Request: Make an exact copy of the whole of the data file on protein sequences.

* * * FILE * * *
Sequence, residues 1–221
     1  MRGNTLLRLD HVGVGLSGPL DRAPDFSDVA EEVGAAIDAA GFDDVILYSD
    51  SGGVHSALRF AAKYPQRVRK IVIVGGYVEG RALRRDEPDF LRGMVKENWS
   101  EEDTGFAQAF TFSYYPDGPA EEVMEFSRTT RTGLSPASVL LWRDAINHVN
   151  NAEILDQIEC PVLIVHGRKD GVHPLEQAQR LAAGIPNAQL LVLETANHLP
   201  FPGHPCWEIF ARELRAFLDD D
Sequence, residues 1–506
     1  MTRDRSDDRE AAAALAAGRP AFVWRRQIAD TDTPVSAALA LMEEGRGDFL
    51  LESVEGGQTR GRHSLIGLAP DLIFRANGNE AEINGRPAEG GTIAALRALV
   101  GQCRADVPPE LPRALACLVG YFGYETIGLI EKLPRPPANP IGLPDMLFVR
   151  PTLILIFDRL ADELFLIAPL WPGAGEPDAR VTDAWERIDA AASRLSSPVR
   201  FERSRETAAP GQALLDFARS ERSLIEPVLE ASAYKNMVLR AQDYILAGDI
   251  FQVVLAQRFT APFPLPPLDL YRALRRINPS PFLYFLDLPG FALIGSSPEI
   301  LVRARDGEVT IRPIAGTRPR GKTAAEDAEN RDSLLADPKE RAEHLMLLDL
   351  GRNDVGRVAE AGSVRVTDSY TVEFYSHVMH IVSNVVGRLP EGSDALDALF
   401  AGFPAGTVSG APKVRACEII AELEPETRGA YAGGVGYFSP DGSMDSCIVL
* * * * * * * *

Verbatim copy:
Sequence, residues 1–221
     1  MRGNTLLRLD HVGVGLSGPL DRAPDFSDVA EEVGAAIDAA GFDDVILYSD
    51  SGGVHSALRF AAKYPQRVRK IVIVGGYVEG RALRRDEPDF LRGMVKENWS
   101  EEDTGFAQAF TFSYYPDGPA EEVMEFSRTT RTGLSPASVL LWRDAINHVN
   151  NAEILDQIEC PVLIVHGRKD GVHPLEQAQR LAAGIPNAQL LVLETANHLP
   201  FPGHPCWEIF ARELRAFLDD D
Sequence, residues 1–506
     1  MTRDRSDDRE AAAALAAGRP AFVWRRQIAD TDTPVSAALA LMEEGRGDFL
    51  LESVEGGQTR GRHSLIGLAP DLIFRANGNE AEINGRPAEG GTIAALRALV
   101  GQCRADVPPE LPRALACLVG YFGYETIGLI EKLPRPPANP IGLPDMLFVR
   151  PTLILIFDRL ADELFLIAPL WPGAGEPDAR VTDAWERIDA AASRLSSPVR
   201  FERSRETAAP GQALLDFARS ERSLIEPVLE ASAYKNMVLR AQDYILAGDI
   251  FQVVLAQRFT APFPLPPLDL YRALRRINPS PFLYFLDLPG FALIGSSPEI
   301  LVRARDGEVT IRPIAGTRPR GKTAAEDAEN RDSLLADPKE RAEHLMLLDL
   351  GRNDVGRVAE AGSVRVTDSY TVEFYSHVMH IVSNVVGRLP EGSDALDALF
   401  AGFPAGTVSG APKVRACEII AELEPETRGA YAGGVGYFSP DGSMDSCIVL